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Governor Murkowski Signs Six Bills
Commission on Aging, Tort Reform for Dwelling Construction, and more...


April 24, 2004

Juneau, AK - Alaska Governor Frank Murkowski on Friday signed into law six House and Senate bills relating to the Alaska Commission on Aging, health care providers, the limited entry commission, lawsuits over defective dwellings, research at the university, and reimbursements to the Department of Natural Resources.

SB 201, by Fairbanks Senator Ralph Seekins, reinstates a provision in Alaska law that requires a health care provider to undergo a criminal background check before he or she may receive state funds for delivery of home care. The bill corrects an error made when a cross-reference was deleted in an earlier bill.

"This may be a housekeeping bill, but it addresses an important situation," Murkowski said. "The safety of seniors, the handicapped, and others who are dependent on home care will have a higher level of assurance under this change."

HB 394, by Fairbanks Rep. Jim Holm, extends the sunset for the Alaska Commission on Aging from June 30, 2004 to June 30, 2008.

"In the next quarter century, the number of Alaska seniors over the age 60 is expected to triple, growing from 8 percent to 20 percent of Alaska's total population," Murkowski said. "Alaska seniors are living longer and growing stronger. This bill will extend the sunset of the Commission on Aging until 2008. The work the commission does will continue to ensure the dignity and independence of Alaska's seniors."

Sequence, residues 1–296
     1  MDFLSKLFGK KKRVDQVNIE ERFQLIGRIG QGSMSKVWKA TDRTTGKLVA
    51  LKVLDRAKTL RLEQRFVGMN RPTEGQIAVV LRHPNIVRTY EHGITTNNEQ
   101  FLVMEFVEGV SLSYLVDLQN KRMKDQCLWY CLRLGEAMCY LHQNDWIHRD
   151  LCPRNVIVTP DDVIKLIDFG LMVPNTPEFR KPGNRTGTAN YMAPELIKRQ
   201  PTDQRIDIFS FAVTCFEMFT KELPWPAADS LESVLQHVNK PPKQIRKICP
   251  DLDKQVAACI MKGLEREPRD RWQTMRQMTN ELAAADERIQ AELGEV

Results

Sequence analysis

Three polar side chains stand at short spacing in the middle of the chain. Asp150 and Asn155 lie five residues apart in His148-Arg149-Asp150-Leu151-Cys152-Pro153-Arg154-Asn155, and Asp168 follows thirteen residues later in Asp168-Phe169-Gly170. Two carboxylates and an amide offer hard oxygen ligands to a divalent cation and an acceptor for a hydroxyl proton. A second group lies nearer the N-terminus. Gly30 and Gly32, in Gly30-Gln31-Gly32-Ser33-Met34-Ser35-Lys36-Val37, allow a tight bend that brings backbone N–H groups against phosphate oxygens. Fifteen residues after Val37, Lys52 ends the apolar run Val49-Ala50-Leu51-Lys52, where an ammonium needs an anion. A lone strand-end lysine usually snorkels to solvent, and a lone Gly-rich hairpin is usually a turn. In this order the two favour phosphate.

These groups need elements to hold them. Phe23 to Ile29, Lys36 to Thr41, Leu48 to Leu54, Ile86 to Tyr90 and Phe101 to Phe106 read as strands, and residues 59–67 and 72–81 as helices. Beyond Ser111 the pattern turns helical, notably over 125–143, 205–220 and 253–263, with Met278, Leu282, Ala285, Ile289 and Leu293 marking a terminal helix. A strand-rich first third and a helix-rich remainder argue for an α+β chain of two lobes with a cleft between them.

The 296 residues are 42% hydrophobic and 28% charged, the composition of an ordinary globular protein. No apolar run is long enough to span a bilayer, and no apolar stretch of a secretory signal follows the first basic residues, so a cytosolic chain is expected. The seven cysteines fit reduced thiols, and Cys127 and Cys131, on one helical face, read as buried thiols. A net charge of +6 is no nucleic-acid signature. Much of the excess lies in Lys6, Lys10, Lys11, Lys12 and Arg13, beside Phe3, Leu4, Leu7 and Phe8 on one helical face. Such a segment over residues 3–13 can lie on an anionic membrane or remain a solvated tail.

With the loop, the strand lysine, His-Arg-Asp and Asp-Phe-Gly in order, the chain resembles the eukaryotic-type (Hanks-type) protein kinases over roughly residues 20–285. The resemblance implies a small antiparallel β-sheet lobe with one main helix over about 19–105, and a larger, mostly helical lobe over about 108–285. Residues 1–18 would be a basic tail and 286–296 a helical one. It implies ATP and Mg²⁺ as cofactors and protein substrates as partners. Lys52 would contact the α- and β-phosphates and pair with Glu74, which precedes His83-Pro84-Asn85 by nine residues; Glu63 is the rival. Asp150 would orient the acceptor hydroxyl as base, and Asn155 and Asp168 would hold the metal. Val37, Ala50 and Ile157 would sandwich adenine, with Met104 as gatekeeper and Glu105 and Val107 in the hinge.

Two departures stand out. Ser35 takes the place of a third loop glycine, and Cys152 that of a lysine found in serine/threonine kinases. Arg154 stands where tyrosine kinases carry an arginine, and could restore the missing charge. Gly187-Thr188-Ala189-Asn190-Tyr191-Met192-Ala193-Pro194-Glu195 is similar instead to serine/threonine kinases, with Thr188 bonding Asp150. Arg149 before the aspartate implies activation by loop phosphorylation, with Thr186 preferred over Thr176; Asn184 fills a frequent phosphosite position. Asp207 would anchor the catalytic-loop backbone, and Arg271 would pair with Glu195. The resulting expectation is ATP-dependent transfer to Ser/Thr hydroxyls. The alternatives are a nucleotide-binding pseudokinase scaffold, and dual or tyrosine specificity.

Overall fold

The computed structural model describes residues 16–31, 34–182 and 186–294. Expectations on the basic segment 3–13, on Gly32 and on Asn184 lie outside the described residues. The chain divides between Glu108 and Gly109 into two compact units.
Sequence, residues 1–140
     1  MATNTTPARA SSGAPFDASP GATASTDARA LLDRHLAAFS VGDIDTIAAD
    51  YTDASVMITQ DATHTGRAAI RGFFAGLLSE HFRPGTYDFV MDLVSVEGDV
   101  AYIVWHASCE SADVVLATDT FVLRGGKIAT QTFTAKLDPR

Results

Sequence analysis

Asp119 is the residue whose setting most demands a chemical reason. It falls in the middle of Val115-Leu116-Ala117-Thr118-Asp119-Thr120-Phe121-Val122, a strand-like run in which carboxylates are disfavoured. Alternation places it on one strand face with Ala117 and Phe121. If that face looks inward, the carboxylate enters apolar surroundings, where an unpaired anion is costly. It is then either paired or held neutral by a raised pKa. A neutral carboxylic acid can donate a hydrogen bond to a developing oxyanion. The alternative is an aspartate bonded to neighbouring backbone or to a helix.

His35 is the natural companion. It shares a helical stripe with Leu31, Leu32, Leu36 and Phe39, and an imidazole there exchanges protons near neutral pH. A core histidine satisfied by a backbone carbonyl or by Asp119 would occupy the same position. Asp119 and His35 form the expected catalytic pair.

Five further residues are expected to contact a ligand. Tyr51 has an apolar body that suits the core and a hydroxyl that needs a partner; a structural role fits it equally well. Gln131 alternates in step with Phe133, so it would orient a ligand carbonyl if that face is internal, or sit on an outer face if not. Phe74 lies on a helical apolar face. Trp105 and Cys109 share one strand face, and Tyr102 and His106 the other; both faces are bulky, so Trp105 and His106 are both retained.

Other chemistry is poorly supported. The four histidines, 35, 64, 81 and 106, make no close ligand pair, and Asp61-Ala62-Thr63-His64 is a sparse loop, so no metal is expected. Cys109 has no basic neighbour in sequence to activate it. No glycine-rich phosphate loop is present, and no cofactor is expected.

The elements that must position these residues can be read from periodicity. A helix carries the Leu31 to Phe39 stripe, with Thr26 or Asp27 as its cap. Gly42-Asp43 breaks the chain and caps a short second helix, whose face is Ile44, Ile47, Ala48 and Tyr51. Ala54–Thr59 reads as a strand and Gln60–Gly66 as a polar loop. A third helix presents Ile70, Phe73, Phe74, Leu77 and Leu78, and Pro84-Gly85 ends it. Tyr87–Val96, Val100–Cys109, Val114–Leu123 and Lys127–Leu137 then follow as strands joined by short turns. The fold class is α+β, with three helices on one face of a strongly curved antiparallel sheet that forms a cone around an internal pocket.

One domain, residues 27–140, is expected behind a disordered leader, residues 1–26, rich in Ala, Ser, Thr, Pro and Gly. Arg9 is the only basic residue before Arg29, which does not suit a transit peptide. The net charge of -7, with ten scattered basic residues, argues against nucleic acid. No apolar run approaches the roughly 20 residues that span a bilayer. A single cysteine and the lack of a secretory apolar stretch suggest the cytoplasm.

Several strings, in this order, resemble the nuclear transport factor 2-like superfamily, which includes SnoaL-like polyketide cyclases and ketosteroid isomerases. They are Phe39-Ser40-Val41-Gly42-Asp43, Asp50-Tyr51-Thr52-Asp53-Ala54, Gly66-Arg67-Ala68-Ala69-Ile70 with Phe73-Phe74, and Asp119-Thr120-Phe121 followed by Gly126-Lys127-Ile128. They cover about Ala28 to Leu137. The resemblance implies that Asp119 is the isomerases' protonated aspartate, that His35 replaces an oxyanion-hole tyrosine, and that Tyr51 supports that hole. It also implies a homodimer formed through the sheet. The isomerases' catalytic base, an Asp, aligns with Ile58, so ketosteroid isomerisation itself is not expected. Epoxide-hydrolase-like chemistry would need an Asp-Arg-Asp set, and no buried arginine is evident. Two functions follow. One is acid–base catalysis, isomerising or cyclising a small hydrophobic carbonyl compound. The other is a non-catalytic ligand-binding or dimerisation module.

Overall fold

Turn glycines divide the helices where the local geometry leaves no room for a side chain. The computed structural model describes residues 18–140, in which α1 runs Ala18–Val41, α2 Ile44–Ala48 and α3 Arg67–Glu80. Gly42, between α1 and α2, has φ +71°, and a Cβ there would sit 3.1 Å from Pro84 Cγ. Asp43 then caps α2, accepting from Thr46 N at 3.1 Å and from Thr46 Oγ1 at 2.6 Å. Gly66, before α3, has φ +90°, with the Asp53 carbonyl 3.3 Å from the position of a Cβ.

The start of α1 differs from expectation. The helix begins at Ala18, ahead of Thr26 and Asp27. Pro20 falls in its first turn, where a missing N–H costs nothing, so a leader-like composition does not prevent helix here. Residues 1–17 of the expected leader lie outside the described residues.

HB 478, by Wrangell Rep. Peggy Wilson, conforms state law to actual practice of the Commercial Fisheries Entry Commission, which issues interim use permits in any Alaska fishery that CFEC has not limited to a maximum number of participants.

"This bill addresses a problem stemming from fishermen who have caught halibut and sablefish outside the 3-mile limit of state waters, and have brought the fish into state waters for delivery and sale," Murkowski said. "The bill clarifies the law and is consistent with the original intent of the statutes."

HB 340, by Anchorage Rep. Kevin Meyer, is a tort reform bill that limits the amount of damages that may be recovered in a lawsuit as a result of a defect in the design, construction or remodel of a dwelling.

"The goal of this legislation is to help assist builders and contractors attain affordable general liability insurance, which will have a benefit to the consumer when deciding whether to purchase a home," Murkowski said.

HB 282, by Fairbanks Rep. Bud Fate, authorizes the president of the university to approve a contract between the university and an employee to conduct research and to develop, operate, or run a business related to the research as part of the employee's employment with the university.

"The bill will allow the university to earn revenue as a result of joint patents and copyrights between the university and businesses," said Murkowski.

SB 264, by request of the Governor, restores the authority of the Department of Natural Resources to enter into agreements for reimbursement of department costs incurred in assisting potential pipeline right-of-way lease applications in their preparation of an application under the Alaska Right-of-Way Leasing Act.

"This bill allows state agencies to quickly acquire the funding necessary to assist the company in crafting an efficient and economic permitting process," Murkowski said. "It will help DNR to continue to work with prospective pipeline lease applicants and will help streamline the process."


Source of News Release:

Office of the Governor
Web Site



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